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TikTok sees a surge in anti-protest disinformation in Russia

Social media influencers with millions of followers have urged ordinary Russians to stay away from demonstrations in support of Alexey Navalny

Scores of social media influencers flooded Russian TikTok over the weekend in a coordinated effort to urge young people against attending rallies in support of jailed politician Alexey Navalny.

In the lead up to protests in over 100 cities on Saturday, influencers with up to four million subscribers on the video sharing platform told their followers they could end up in jail for taking part in the demonstrations.

“I don’t think anyone wants to end up in jail so guys, take care of yourselves and your health and think about the consequences,” warned @_Vira__ in a video posted to her more than four million followers on TikTok. 

In another post, user xlazhii reminded his 188,000 followers that Navalny’s own children go to university outside of Russia. “So why should Russia’s youth be coming out for that, what is the point?” 

Both users have since deleted the clips.

Many of the influencers revealed a coordinated and sometimes clumsy attempt to harness TikTok’s immense popularity in Russia against the opposition figure. A number of influencers and marketing managers said that anonymous social media accounts were soliciting paid, anti-Navalny videos.

Boris Kantorovich, deputy commercial director at the influencer marketing firm Author’s Media in Moscow, wrote about a coordinated effort by TikTokers who tried to dissuade people from attending the protests. Kantorovich attached screenshots for an advertising call posted on popular marketing forums on January 24 and noted that “all of them repeat the same message.” The call outlined a script which can be heard in the dozens of videos posted across TikTok the same day. The ad promised users with over 20,000 subscribers about $25 for each post.

Russian authorities took a number of measures online to limit attendance. The state censorship agency, Roskomnadzor, forced social networks like Instagram, YouTube and TikTok to remove event pages and posts about the protests. 

While posts were largely meant to target younger Russians, a group where Navalny enjoys his highest approval numbers, it’s not clear how much of a dent the paid videos made against the flood of support for the opposition leader.

Tens of thousands of Russians protested over the weekend from Moscow to remote regions like Yakutsk, where Navalny supporters rallied in minus-60 Fahrenheit weather. The mass gatherings followed Navalny’s return to Russia on January 17, when he was arrested on arrival for violating the terms of a suspended sentence from 2014. The leader had been undergoing treatment in Berlin since last August after he was exposed to the Soviet-era Novichok nerve agent. Western officials have described his poisoning as an assassination attempt by the Russian state, a charge denied by the Kremlin.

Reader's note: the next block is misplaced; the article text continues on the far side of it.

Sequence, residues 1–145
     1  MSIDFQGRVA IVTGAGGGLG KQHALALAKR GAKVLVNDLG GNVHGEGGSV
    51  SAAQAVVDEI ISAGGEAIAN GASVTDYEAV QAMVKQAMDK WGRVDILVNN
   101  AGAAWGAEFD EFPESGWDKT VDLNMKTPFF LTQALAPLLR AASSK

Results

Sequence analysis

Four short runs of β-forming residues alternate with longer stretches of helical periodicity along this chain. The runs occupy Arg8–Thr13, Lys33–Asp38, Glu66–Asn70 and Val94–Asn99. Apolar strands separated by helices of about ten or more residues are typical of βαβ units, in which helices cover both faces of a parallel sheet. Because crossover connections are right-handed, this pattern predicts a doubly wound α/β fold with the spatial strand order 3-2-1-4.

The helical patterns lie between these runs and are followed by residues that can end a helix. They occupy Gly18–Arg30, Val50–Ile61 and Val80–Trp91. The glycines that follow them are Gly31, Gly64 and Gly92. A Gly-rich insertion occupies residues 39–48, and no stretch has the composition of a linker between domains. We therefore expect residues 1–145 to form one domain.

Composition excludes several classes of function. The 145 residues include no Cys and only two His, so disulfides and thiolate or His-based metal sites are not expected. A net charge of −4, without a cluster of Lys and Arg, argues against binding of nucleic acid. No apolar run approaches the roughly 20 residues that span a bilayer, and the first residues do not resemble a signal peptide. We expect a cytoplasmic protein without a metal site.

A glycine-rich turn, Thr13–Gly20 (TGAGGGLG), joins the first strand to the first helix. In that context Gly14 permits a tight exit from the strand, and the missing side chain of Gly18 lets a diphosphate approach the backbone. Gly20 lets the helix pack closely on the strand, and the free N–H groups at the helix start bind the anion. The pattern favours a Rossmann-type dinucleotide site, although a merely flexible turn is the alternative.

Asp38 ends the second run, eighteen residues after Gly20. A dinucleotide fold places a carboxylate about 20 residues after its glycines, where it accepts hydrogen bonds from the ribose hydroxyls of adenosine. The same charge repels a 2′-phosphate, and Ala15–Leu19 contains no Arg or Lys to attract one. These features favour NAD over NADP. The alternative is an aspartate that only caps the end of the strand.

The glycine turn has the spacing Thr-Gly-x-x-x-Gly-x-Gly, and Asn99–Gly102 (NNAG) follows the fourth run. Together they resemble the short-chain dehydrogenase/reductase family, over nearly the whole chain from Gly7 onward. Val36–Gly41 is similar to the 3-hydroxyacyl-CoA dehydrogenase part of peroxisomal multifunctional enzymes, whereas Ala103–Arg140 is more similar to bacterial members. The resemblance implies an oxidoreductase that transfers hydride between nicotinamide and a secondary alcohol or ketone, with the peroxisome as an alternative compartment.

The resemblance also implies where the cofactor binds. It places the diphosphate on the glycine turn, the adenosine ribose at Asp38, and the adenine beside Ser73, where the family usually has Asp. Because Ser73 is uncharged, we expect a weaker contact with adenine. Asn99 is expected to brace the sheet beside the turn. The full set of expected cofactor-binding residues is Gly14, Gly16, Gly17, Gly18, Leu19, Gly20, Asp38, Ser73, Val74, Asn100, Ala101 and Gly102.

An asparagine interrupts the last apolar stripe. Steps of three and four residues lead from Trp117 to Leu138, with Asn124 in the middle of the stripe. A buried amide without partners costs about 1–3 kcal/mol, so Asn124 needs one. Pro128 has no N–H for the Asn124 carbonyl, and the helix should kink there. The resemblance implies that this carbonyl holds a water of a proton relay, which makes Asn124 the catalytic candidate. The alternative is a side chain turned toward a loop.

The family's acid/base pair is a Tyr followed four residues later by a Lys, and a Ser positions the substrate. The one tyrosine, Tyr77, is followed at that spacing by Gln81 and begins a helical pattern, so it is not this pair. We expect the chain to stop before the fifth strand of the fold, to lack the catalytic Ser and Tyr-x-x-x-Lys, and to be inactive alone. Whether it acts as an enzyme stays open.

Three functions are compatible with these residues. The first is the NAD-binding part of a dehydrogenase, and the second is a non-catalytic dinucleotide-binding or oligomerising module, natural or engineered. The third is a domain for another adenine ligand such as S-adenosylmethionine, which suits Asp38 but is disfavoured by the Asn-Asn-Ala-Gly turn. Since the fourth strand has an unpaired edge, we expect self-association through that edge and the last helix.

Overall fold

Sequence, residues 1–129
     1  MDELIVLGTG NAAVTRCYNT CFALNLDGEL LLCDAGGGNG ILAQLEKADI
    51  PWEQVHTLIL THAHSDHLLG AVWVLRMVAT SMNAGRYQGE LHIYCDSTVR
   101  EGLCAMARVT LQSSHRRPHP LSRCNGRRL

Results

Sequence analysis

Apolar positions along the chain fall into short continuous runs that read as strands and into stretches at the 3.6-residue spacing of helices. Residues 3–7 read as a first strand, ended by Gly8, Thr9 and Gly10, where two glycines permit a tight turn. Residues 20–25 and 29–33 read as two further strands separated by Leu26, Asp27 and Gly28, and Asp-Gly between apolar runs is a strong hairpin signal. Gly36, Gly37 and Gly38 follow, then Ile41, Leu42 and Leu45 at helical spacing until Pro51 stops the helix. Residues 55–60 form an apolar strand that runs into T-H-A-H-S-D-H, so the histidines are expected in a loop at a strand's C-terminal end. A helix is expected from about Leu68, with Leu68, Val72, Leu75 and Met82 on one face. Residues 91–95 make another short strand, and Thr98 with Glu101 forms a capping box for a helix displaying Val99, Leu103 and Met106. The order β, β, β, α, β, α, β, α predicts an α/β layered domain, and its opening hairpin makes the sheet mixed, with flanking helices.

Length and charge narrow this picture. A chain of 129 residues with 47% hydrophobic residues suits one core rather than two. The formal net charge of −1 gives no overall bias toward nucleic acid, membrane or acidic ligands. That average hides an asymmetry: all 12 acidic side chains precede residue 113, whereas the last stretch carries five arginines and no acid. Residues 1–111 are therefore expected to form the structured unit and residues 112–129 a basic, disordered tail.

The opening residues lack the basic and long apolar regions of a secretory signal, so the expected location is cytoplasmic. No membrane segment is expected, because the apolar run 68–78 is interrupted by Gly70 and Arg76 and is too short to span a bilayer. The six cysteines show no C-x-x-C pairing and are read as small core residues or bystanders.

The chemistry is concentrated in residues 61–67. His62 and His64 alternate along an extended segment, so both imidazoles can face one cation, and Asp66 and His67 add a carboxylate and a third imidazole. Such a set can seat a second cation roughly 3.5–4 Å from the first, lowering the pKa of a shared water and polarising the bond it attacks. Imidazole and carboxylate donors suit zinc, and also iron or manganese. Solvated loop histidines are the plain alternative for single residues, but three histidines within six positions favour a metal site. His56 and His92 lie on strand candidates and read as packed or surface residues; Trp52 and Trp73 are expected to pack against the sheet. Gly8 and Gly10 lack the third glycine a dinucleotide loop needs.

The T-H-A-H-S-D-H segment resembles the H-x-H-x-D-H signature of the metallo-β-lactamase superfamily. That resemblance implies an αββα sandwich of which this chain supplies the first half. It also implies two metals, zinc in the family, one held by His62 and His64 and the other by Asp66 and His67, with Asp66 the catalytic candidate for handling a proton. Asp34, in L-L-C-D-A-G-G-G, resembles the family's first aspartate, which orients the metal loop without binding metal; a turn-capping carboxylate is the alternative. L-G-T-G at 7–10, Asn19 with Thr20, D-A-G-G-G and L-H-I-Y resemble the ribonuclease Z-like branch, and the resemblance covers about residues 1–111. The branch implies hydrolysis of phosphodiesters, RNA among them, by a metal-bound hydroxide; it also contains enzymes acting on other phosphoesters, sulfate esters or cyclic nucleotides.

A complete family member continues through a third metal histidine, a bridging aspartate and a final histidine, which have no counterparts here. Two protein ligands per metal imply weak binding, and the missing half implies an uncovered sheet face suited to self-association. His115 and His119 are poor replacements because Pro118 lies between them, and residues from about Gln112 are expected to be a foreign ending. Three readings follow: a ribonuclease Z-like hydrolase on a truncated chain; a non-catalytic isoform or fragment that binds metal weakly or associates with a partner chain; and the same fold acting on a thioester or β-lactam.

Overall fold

Over 3,800 people were arrested in Saturday’s protests, according to OVD-Info, an activist group that monitors political arrests.

Following media reports about the paid posts, dozens of pro-Navalny TikTokers rallied around the politician, instructing their followers to unsubscribe from accounts which had posted warnings about the protests.

“Do you know how much you cost? 2,000 rubles, yea…You can find out who all these paid-for bloggers are by checking out this hashtag,” said user @ideniza, pointing to #norevolution to her 88,500 followers. 

TikTok, which has over 20 million subscribers in Russia, had been largely left untouched by authorities, in sharp contrast to other online spaces which are both heavily censored and subject to paid, pro-government campaigns. Authorities have been slow to adapt to the new platform, which launched in Russia in 2018 and has become a safe haven for activists and outspoken young people. 

That began to change in August last year when a criminal case was opened against an underage TikTok user in Chita in Siberia for “offending the feelings of believers.” The teenager had posted a video of himself lighting a cigarette with a church candle.

The story you just read is a small piece of a complex and an ever-changing storyline we are following as part of our coverage. These overarching storylines — whether the disinformation campaigns that are feeding the war on truth or the new technologies strengthening the growing authoritarianism, are the crises that Coda covers relentlessly and with singular focus. But we can’t do it without your help. Support journalism that stays on the story. Coda Story is a 501(c)3 U.S non-profit. Your contribution to Coda Story is tax deductible.

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